Choice of error amplifier for LDO

Thread Starter

Franco Maggi

Joined May 6, 2021
2
Hi There!
I am, for several reasons about building a adjustable LDO. Some of the specifications are:
- min input voltage 4.4V
- max output voltage 3.6V
- 500mV dropout, due to sense resistor
- wide current output range
- at least 20kHz bandwidth @ 10uA load, ideally 100kHz

Pass element shall be a PMOS, not only due to the low dropout, but I need to separate the ground currents from the sensing element.
Performance/stability at light loads is the key aspect for the application.
I have sketched a discrete solution with a bunch of transistors, which is working in simulations, but is quite stuffy and its outcome uncertain when the parasitics of a real pcb add upp, heat generated on pcb. I also doubt the real bandwidth of the transistor models I found for the matched pairs.
So I would like to select an IC as EA.
What I am looking for is a wide band, mid-range gain amplifier. From the gain-loop analysis I have been simulating, I see I need the dominant pole of the EA to be at least 10kHz to avoid relative stability, given the desired bandwidth.
Any parts in mind?
 

Irving

Joined Jan 30, 2016
1,573
If you go to the Analog Devices (AD) or Texas Instruments (TI) websites, amongst many, you'll find parametric search tools that will allow to search on GBW, supply volts, common mode rejection, etc etc. That will give you many options. In particular LTSpice has many of AD's LT & LTC device models installed as does TINA for TI's offerings. Only you can pick an appropriate device based on your overall design requirements.
 

Ian0

Joined Aug 7, 2020
2,289
This is a circuit I've used many times. I was just curious to see how it behaves, so I simulated it.
The most important thing it needs is an electrolytic on the output with a fair amount of ESR, with just a ceramic capacitor it will oscillate in the MHz region.
It's not a perfect circuit, but it was adequate for what was required at the time. I used the BCM547B (the matched pair version)
I suspect that some emitter degeneration resistors in the BC547s and the BCV62 enough to drop about 100mV, and probably a Wilson current mirror would improve the accuracy.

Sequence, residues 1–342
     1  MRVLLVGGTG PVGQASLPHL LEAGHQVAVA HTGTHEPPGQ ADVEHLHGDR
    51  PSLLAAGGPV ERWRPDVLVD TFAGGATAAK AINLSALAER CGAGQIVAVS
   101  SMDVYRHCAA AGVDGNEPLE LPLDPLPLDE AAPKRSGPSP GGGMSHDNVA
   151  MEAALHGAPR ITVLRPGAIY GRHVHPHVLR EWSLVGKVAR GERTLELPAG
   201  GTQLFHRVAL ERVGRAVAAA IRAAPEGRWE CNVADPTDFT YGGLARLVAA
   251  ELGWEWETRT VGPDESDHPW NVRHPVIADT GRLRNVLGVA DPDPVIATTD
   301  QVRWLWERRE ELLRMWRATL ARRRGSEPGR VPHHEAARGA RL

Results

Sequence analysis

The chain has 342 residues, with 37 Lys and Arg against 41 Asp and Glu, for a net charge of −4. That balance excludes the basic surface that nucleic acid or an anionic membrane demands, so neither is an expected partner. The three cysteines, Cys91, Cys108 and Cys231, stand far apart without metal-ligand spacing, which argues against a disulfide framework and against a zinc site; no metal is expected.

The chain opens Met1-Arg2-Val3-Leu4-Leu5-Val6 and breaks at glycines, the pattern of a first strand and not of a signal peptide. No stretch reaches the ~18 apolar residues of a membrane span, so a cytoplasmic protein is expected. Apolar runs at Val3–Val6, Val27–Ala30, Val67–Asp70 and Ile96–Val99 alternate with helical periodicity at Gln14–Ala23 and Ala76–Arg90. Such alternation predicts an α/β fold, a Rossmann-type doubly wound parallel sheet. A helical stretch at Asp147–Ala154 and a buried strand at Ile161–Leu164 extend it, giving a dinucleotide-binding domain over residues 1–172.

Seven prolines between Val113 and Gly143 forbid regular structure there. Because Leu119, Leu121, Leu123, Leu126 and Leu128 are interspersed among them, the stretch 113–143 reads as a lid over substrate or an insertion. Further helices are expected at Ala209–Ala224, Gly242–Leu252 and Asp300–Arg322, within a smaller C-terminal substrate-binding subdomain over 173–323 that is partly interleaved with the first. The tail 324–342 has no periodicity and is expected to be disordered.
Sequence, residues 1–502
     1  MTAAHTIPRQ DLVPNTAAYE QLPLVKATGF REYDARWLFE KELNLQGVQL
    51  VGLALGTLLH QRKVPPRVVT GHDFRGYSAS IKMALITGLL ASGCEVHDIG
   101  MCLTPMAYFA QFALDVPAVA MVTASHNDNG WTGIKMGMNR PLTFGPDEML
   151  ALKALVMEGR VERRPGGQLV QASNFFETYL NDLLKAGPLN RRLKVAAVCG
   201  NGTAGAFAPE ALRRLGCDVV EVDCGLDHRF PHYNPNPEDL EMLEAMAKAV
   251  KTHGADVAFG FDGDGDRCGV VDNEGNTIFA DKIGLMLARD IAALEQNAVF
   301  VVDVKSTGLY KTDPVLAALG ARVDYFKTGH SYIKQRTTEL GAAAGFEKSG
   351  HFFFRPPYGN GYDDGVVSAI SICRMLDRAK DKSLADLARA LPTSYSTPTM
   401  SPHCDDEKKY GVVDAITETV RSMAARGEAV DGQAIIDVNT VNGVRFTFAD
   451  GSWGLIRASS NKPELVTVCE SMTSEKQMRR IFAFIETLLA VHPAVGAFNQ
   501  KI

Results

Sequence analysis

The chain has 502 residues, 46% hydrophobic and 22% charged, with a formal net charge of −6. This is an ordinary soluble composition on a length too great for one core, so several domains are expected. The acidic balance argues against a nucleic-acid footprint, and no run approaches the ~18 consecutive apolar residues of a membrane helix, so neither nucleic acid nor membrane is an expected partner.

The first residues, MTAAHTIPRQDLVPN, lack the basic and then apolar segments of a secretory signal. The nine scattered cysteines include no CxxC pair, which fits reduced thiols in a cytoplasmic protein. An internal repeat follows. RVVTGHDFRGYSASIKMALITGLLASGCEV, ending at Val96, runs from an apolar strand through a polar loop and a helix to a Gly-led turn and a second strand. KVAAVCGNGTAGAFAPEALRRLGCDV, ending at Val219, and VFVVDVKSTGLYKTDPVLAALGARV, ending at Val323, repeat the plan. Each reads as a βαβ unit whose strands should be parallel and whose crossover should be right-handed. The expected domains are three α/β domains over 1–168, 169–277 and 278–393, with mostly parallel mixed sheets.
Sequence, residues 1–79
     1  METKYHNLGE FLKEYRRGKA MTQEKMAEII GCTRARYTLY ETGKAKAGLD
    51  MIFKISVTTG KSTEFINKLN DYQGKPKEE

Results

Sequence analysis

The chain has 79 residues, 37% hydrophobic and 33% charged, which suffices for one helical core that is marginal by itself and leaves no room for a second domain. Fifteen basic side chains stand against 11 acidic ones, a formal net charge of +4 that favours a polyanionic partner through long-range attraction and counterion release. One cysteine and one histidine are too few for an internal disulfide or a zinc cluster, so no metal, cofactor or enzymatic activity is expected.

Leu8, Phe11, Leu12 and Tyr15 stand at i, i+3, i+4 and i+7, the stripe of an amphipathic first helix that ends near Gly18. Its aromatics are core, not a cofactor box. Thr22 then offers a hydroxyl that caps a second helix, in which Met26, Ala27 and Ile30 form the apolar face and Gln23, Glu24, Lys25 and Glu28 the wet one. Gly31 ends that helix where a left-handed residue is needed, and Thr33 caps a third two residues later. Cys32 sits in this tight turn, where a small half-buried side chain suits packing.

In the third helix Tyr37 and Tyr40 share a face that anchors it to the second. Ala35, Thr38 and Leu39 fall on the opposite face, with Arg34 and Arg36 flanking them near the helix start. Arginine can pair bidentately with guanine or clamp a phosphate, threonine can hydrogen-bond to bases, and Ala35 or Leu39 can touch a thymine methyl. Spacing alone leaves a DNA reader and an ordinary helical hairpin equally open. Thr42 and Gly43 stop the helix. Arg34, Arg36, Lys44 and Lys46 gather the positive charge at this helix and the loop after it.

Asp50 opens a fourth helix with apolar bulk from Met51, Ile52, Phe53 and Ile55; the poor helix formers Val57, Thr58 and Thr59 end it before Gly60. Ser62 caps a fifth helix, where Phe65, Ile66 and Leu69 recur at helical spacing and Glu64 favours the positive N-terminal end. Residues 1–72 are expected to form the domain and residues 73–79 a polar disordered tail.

If you are trying to replicate this with a 4.4V supply voltage, then choice of MOSFET would be important, as too high Vgs(th) would mean it runs out of drive.
Another thing - there is no current limiting!

It's much better behaved with a bipolar transistor on the output - no sign of oscillation even with a zero ESR capacitor* - and wouldn't suffer at low supply voltages from lack of drive.
It would also be possible to effect some crude current limiting by choosing a higher value of R3 to limit the base current, but relying on a particular value of Hfe is never a great idea.LDO.png



*of the type that exists in SPICE but not in real life.
 

Thread Starter

Franco Maggi

Joined May 6, 2021
2
Thanks Ian0,
I am happy to see I am not the only guy thinking discrete components at this point.
my main challenge finding an IC, is the phase drop that comes along with opamp's internal compensation. So I started designing a differential pair, not far from the one you sketched.
ESR is a must, agree. I got a current mirror in place of R3, to control the bias of the transistors above.
Now, do you think the BJT models in LTspice might have too optimistic bandwidth? I see NXP specs 100MHz GBP for BCM547B. I would expect these to roll off at some hundreds kHz when they are put together in the loop.
How is your build working at light loads? Any need for additional compensation?
 

Ian0

Joined Aug 7, 2020
2,289
You don’t need much bandwidth for a voltage regulator. Bc547 types should do the job, they manage perfectly adequately in audio amps where they have to be well behaved up to about 1MHz. Your guess at roll off would be about the same as they behave in a compensated audio amplifier.
My circuit was mainly a battery charger, so spent most of its time in current limiting (part of the design I didn’t draw). When it got to float voltage it was stable.
 
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